Moroccan lobbying

A special envoy of King Hassan II gave Russian Prime Minister Primakov a message from the King to transmit to Boris Yeltsin. Primakov restated Russia 's support for Secretary-General Kofi Annan's efforts to save the peace plan and ensure the holding of a self-determination referendum in the Western Sahara. He stressed that Russia's position on this issue is that the principle of self-determination should be respected while taking into account the interests of all parties concerned (Itar-Tass).


Following months of delay, Morocco signed the "Status of Forces Agreement" with the United Nations defining the legal status of U.N. troops in the disputed Western Sahara territory. Signing the pact was Ahmed Senussi, Morocco's U.N. ambassador, and Bernard Miyet, the U.N. undersecretary-general in charge of peacekeeping. Algeria and Mauritania signed in November.

Security Council Resolution S/RES/1228, 1999

The Security Council adopting resolution 1228 (1999) unanimously, extends the mandate of the MINURSO, until March 31, "to allow for consultations in the hope and expectation of agreement on the protocols on identification, appeals and repatriation planning activities, as well as on the essential issue of the implementation calendar, without undermining the integrity of the Secretary-General's proposed package or calling into question its main elements, for the prompt resumption of voter identification and initiation of the appeals process."

Sahrawi statement

The Polisario representative to the United Nations, Ahmed Boukhari, stated that Morocco's signing of the Status of Forces Agreement is "certainly a gesture, but a lot remains to be done." The resolution gives Morocco a reprieve to accept the Secretary-General's proposals and, according to Boukhari, "if Morocco bends to the will of the international community, which is what we are hoping for, the referendum process could be undertaken without great difficulty. But if Morocco continues its intransigence, it will have to take responsibility for derailing the process."

SADR: Government reorganization

Following a vote of non-confidence by the Sahrawi parliament, President Abdelaziz named a new government of SADR composed as follows:

Prime Minister

M.Bouchraya Hamoudy Beyoune ( former Minister of Commerce)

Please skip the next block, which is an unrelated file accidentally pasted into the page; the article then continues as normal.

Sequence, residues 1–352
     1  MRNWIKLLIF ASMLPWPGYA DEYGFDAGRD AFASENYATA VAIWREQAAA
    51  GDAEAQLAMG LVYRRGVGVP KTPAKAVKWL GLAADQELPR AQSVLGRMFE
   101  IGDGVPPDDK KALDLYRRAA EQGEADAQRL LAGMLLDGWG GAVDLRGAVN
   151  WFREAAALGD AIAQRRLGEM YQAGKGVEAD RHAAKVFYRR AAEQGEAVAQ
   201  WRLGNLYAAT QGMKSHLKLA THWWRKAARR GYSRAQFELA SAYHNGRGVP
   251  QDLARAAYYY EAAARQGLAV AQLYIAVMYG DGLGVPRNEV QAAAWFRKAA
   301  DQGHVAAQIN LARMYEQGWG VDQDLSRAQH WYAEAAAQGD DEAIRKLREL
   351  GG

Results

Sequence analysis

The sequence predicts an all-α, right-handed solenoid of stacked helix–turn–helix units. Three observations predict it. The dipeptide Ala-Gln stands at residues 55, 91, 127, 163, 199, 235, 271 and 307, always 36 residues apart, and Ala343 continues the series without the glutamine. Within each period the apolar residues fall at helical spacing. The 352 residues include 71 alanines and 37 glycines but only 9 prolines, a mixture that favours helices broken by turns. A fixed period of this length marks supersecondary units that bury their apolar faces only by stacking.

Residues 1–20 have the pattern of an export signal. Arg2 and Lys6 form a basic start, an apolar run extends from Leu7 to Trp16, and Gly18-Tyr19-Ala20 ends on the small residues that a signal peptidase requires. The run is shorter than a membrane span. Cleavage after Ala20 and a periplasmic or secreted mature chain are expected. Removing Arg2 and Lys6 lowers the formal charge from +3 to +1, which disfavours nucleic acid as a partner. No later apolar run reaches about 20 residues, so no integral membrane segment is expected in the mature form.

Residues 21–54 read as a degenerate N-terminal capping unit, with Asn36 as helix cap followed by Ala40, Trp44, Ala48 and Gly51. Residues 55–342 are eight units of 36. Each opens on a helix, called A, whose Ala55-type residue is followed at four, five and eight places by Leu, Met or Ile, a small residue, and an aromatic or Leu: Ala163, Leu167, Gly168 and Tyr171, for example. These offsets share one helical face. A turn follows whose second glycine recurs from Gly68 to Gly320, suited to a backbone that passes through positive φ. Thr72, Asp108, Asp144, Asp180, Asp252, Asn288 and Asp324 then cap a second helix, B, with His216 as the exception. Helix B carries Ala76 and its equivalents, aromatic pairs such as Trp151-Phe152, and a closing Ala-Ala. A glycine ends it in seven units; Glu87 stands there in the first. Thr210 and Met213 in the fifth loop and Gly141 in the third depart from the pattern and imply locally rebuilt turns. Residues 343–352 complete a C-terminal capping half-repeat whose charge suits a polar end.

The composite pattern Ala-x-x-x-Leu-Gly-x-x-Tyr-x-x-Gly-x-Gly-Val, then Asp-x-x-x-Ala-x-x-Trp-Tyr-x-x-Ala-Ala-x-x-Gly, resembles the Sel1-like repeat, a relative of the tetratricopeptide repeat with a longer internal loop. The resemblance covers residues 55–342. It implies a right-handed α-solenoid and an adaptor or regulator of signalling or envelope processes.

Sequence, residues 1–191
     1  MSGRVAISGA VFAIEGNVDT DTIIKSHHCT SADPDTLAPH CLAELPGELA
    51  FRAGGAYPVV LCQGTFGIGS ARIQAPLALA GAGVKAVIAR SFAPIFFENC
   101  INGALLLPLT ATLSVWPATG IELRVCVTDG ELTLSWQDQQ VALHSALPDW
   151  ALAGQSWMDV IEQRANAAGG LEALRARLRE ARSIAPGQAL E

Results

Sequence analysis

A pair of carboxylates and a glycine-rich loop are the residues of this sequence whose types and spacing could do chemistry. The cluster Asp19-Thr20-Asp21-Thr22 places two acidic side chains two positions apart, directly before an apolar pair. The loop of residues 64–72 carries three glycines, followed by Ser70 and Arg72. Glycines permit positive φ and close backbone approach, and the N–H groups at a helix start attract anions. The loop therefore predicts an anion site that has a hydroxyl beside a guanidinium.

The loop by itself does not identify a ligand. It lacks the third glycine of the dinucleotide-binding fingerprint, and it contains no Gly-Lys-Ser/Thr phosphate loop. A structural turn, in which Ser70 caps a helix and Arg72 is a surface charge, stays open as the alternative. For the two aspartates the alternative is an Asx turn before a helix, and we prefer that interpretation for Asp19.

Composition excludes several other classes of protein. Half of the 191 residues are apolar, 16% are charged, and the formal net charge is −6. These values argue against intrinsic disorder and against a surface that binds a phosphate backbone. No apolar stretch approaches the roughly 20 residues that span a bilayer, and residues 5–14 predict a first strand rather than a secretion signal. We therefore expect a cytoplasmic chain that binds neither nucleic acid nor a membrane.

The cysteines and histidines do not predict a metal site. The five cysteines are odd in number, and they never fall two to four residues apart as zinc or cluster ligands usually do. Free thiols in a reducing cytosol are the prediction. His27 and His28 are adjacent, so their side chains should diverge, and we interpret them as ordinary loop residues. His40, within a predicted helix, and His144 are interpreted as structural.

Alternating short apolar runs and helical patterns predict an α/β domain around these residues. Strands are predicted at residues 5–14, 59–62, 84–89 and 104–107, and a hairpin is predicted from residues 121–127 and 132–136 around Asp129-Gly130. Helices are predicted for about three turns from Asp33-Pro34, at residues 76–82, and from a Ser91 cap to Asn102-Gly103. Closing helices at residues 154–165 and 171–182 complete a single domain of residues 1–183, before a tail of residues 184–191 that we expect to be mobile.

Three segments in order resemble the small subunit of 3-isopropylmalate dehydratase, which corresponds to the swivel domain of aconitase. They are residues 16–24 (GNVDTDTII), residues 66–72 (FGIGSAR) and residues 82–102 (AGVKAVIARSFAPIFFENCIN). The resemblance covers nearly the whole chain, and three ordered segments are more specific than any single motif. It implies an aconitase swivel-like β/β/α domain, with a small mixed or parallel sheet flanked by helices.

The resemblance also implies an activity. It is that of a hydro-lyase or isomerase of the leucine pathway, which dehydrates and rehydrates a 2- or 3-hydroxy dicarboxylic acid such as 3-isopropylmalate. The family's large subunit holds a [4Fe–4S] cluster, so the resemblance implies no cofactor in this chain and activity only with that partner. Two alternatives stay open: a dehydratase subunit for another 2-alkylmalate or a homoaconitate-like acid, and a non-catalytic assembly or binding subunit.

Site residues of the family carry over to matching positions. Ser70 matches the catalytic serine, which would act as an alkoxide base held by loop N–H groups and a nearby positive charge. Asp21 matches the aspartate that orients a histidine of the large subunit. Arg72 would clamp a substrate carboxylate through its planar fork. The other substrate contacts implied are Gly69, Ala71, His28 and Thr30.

Minister of Occupied Territories and Emigration

M. Mahfoud Ali Beiba (former Prime Minister)

Minister of Interior

M. Bachir Moustapha Sayed ( former Minister of Public Health)

Minister of Foreign Affairs and Cooperation

M. Mohamed Salem Ould Salek

Minister of Economic Development

M. Boulahi Mohamed Fadel ( former Minister de l'Enseignement)

Minister of Public Health

M. Mansur Omar (Polisario representative to Spain )

Minister Equipment and Construction

M. Larabass Said Joumani

Minister of National Defense

M. Mohamed Lamine Bouhali

Minister of Education

M. Salek Bobih (Ambassador to Algeria)

Minister of Information

M. Mohamed Fadel Ismaïl (Polisario representative to France)

Minister of Justice and Religious Affairs

M. Hametti Rabani

Minister of Culture

M. Mohamed Bouzeid

Minister of Transports

M. Abeida Cheikh

Minister Councellor of the Presidency

M. Mohamed Sidati

Minister Councellor of the Presidency

M. Malainine Sadik

Secretary General of the Presidency

M. Daf Mohamed Fadel

Secretary General of the Government

M. Habiboullah Mohamed Kori ( former Minister of Transports)

Democracy at work

The British daily The Guardian reports that the reshuffling of the SADR government was the outcome of a vote of no confidence by the Sahrawi parliament. The Guardian journalist who was present during the session argues that this is an indicator of the remarkable situation in the Western Sahara and a demonstration of democracy at work, and, as the Saharawi President Mohamed Abdelaziz himself said, an independent Western Sahara could become a "beacon for democracy" in the region. (The Guardian/APS)


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